Navigation Links
Activation of thermoreceptors mediates raw garlic's burning pungency

The worldwide popularity of garlic as a food ingredient and its therapeutic stature in folklore both stem in part from the distinctive pungency associated with its raw, uncooked state. Researchers this week report that this pungency, manifested as a characteristic mixture of burning and prickling sensations and flavor, can be ascribed largely to the effects of a particular compound and its ability to activate specific protein thermoreceptors in the mouth.

The findings are reported in the May 24 issue of Current Biology by a team led by Ardem Patapoutian of The Scripps Research Institute and the Genomics Institute of the Novartis Research Foundation.

Despite garlic's popularity, the compounds responsible for its pungency, as well as the receptors through which we perceive those compounds, have remained unknown. In their new work, the researchers found that raw, but not baked, garlic was capable of eliciting responses from two so-called TRP ("trip") channels, TRPV1 and TRPA1, which belong to a remarkable family of receptors that can be activated by temperature and chemicals. Some TRP channels, including TRPA1 and TRPV1, respond to both temperature and chemical compounds: TRPV1 is known to respond to noxious (painful) heat and to the pungent component of chili peppers, whereas TRPA1 is activated by noxious cold and by pungent compounds found in cinnamon oil, mustard oil, and wintergreen oil. These past findings, as well as the present work, indicate that thermosensitive TRP channels play a key role in the phenomenon of chemesthesis (the somatosensory contribution to the sense of taste), which is experienced, for example, in the heat of chili peppers or the coolness of peppermint. Both TRPV1 and TRPA1 are found in pain-sensing neurons that innervate the mouth and tongue.

The researchers went on to identify the sulfide compound allicin, an unstable chemical found in bruised, cut, or crushed garlic, as the chemical responsible for the activation of TRPV1 and TRPA1 and as the likely key chemical component responsible for garlic's pungency. Allicin is converted to a variety of more stable sulfide compounds over time or with heating, in correspondence with the significantly milder taste of roasted garlic.

Garlic's pungency most likely evolved as a defense mechanism against browsing by animals, and indeed many animals--though clearly not all humans--are known to be repelled by it.

The researchers include Lindsey J. Macpherson, Michael Bandell, Samer R. Eid, SunWook Hwang, and Ardem Patapoutian of the The Scripps Research Institute; Bernhard H. Geierstanger, Veena Viswanath, Michael Bandell, SunWook Hwang, and Ardem Patapoutian of the Genomics Institute, Novartis Research Foundation; and SunWook Hwang of the College of Medicine, Korea University. The authors are supported by grants from the National Institute of Neurological Disorders and Stroke. S.R.E. is supported by a fellowship from the Swiss Foundation for Medical-Biological Stipends. A.P. is a Damon Runyon Scholar.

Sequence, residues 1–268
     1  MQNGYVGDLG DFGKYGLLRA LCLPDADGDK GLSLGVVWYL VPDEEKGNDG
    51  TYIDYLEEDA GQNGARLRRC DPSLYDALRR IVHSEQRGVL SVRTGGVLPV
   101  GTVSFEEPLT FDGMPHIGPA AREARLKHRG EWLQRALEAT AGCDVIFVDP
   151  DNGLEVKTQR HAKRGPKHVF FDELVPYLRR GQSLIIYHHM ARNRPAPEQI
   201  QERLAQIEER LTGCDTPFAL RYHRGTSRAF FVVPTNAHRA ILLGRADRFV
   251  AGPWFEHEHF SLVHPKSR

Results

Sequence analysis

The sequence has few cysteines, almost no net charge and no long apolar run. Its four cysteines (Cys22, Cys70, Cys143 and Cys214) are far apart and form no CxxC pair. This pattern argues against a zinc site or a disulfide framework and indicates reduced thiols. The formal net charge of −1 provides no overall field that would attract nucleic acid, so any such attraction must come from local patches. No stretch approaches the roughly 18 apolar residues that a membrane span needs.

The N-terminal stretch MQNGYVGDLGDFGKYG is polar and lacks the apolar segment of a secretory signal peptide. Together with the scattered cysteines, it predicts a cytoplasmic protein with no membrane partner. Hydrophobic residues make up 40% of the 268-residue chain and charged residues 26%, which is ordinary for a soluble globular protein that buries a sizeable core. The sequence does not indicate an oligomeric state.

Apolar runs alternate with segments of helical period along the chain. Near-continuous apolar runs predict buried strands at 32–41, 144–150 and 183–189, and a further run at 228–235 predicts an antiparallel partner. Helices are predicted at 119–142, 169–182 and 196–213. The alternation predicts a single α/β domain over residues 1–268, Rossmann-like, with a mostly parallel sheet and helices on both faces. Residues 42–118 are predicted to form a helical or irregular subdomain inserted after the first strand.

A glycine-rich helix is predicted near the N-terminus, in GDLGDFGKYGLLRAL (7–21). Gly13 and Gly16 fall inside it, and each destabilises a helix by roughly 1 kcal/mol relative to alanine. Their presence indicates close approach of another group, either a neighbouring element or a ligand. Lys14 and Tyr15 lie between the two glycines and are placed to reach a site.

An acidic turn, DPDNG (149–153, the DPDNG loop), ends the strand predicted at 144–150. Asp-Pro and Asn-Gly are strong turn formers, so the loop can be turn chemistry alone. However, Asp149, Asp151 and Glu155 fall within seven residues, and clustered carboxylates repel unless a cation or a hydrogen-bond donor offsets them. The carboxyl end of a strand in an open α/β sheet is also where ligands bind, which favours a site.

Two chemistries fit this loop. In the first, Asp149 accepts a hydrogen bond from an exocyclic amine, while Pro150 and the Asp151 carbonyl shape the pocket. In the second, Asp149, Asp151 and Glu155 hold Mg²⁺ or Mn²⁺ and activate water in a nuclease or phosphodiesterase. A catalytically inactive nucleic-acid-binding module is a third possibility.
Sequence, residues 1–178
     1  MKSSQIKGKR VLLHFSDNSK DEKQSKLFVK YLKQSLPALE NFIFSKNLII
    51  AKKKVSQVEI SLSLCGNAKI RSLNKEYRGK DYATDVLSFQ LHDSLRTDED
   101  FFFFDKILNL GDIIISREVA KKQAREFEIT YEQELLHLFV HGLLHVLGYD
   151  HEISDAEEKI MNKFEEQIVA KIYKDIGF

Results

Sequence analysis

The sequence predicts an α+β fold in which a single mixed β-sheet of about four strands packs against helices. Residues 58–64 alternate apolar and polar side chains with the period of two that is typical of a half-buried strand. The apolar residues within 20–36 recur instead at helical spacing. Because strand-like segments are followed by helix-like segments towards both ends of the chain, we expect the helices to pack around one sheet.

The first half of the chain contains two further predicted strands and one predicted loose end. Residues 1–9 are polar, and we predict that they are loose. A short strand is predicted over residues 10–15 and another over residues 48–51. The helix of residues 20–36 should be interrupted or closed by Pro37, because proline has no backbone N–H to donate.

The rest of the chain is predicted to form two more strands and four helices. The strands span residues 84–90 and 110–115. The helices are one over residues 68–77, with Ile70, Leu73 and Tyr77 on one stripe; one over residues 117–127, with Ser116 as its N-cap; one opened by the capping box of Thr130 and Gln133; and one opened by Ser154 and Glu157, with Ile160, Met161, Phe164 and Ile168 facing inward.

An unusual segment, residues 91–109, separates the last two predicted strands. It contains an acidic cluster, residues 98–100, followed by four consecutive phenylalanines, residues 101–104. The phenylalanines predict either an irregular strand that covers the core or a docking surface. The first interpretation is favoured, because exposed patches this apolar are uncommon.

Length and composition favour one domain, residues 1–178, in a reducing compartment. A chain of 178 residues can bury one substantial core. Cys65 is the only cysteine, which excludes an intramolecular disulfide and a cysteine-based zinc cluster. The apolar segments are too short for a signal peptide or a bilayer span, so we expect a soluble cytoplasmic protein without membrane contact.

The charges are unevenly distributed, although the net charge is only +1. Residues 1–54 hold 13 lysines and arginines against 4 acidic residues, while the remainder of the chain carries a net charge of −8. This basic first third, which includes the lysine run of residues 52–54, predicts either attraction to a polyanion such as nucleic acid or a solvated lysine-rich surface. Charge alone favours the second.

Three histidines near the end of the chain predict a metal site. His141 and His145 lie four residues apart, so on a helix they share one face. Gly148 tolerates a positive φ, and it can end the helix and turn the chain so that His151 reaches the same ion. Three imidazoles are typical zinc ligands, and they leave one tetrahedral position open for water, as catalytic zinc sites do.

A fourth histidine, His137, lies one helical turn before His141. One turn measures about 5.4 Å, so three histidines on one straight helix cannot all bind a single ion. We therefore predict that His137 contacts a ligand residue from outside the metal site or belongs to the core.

Lindsey Macpherson, Bernhard H. Geierstanger, Veena Viswanath, Michael Bandell, Samer R. Eid, SunWook Hwang, and Ardem Patapoutian: "The Pungency of Garlic: Activation of TRPA1 and TRPV1 in Response to Allicin." Current Biology, Vol. 15, 929?34, May 24, 2005. http://www.current-biology.com


'"/>

Source:Cell Press


Related biology news :

1. An HIV Protein Plays a Surprising Role in Gene Activation
2. Activation of a protein solidifies fear memory in the brain
3. Activation of microRNA inhibits cancer gene in human cancer cells
4. Bugs expose underground carbon traffic system 10 times more important than fossil fuel burning
Post Your Comments:
*Name:
*Comment:
*Email:


(Date:1/6/2017)... 2017  Privately-held CalciMedica, Inc., announced that it ... of a novel calcium release-activated calcium (CRAC) channel ... Acute pancreatitis, sudden painful inflammation of ... can be very serious.  In severe cases it can ... hospital stays, time in the ICU and substantial ...
(Date:1/6/2017)... Jan. 5, 2017  Delta ID Inc., a leader ... technology for automotive at CES® 2017. Delta ID has ... to demonstrate the use of iris scanning as a ... the driver in a car, and as a way ... experience. Delta ID and Gentex will demonstrate ...
(Date:1/4/2017)... VEGAS , Jan. 4, 2017  CES ... performance biometric sensor technology, today announced the launch ... sensor systems, the highly-accurate biometric sensor modules ... biometric technology, experience and expertise. The two ... Benchmark designed specifically for hearables, and Benchmark BW2.0, ...
Breaking Biology News(10 mins):
(Date:1/13/2017)... , Jan 13, 2017 Research and Markets ... Manufacturing, Application - Global Forecast to 2021" report to their ... The ... from USD 3.39 Billion in 2016, at a CAGR of 26.3%. ... basis of product, manufacturing type, and application. Factors such as rising ...
(Date:1/13/2017)... ... January 13, 2017 , ... Two Kalamazoo entrepreneurs ... called fulvic acid that farms, greenhouses and hydroponics operations use to increase yields ... the fastest growing segments of customers using this high grade fulvic acid extracted ...
(Date:1/13/2017)... ... January 13, 2017 , ... ... companies to offer its customers three new solutions for measurements where traditional cuvette ... handy if a customer has an oddly-shaped sample that would not fit into ...
(Date:1/12/2017)... ... , ... Each year, Crain’s Detroit Business News ranks the most innovative companies ... estate of a company, its impact and significance, and the likelihood of bringing it ... technologies that transform energy sources such as low dose X-ray and convert them into ...
Breaking Biology Technology: